At the heart of The Fighter's plot is Micky Ward (Mark Wahlberg), a scrappy boxer from the rough streets of Lowell, Mass. whose true story David O. Russell's Oscar-nominated film is based on. His ring strategy essentially amounts to tiring out his opponent (by wearing out their fists on his face) and then landing a winning blow. His hero is his brother/trainer, Dicky (Christian Bale), a boxer whose claim to fame is allegedly knocking out Sugar Ray Leonard. Then Dicky became a drug addict and the baggy-panted, skeletal son that dives out of a window into a dumpster so his mother doesn't catch him shooting up again with his junkie posse. He and Micky are being filmed for an HBO documentary he thinks is about his comeback, but everyone else knows is about his descent from fame (albeit brief) into addiction. But Dicky's just the beginning of Ward's sometimes hilariously dysfunctional brood. Ward matriarch Alice (Melissa Leo) rules the family and Micky's career -- she's the kind of poofy-coiffed, hard-jawed, chain-smoker you don't want to mess with. Her seven big-haired, loud-mouthed daughters, on the other hand, are all trash talk. Which is what Micky's bartender love Charlene (Amy Adams) hilariously discovers, when she verbally throws down with them over Micky.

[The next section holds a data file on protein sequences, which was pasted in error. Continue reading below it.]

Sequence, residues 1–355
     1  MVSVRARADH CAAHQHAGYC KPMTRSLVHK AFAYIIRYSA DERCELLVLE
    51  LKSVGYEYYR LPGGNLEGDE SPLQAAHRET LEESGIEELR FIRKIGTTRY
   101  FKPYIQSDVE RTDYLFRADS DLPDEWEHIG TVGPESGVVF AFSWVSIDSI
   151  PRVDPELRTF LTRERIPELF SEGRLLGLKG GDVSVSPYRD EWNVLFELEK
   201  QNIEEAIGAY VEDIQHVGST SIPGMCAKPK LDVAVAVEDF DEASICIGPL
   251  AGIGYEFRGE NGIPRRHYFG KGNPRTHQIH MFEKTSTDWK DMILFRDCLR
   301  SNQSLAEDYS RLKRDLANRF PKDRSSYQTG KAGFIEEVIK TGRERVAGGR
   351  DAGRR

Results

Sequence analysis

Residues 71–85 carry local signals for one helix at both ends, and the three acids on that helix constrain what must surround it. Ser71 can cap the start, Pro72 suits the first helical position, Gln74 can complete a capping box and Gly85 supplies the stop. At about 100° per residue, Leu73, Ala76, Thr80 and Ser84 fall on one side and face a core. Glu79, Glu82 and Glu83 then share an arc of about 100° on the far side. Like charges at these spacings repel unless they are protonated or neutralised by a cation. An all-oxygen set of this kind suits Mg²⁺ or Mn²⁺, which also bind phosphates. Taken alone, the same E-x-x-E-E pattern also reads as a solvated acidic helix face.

They, along with Alice, hate her for trying convince Micky that his family is a problem. After a bout of bad matchups leave Micky defeated physically and mentally, he gets an offer he shouldn't refuse -- to train in Vegas with a big-time promoter. Alice, who seems to have always favored Dicky, is against anything that gets Micky out from under her and Dicky's thumb. Charlene is for it, leaving Micky in the midst of their brawl.
The Fighter is an underdog success story that doesn't really pull any surprise punches. There are two things that elevate it from good to great -- Melissa Leo and Christian Bale, both of whom earned Oscars for their roles. Wahlberg may account for the heart of the plot, but Leo and Bale are the heart of the movie -- Leo's flinty take on the family dictator, and Bale's incredibly convincing transformation into Dicky Ward in decline. The pair, along with a spot-on supporting performance by Adams, are reason enough to see an otherwise ultimately forgettable, albeit entertaining film.
Along with the requisite commentary by director David O. Russell, extras include "Keeping the Faith," a brief series of interviews with Ward family and friends discussing how their boxing legacy began with Micky's uncles, and Dicky's unfulfilled potential. "The Warrior's Code: Filming The Fighter," takes an in-depth look at the making of the movie, from getting the story rights to casting and working with the Ward family on set. Interviews with Micky's family on location in Lowell illustrate how involved they were with the movie, and their opinions on it and the actors who portrayed them -- an insightful peek into the family behind the film. Dicky's sisters even marvel at how they frequently mistook Bale for their brother. Of course, there's plenty of praise for Wahlberg's authenticity as a kid who came from the same streets, and his extensive boxing training for the film. (Though, honestly, when has Wahlberg not looked like a boxer?) There are also a few discarded deleted scenes goodies. For example: a trippy clip of Dicky musing on why he gets high, or a sister lineup that spells out their nicknames -- Red Dog, Tar, Pork, Beaver, and so forth.
The Fighter is available now on Blu-ray from Paramount Pictures.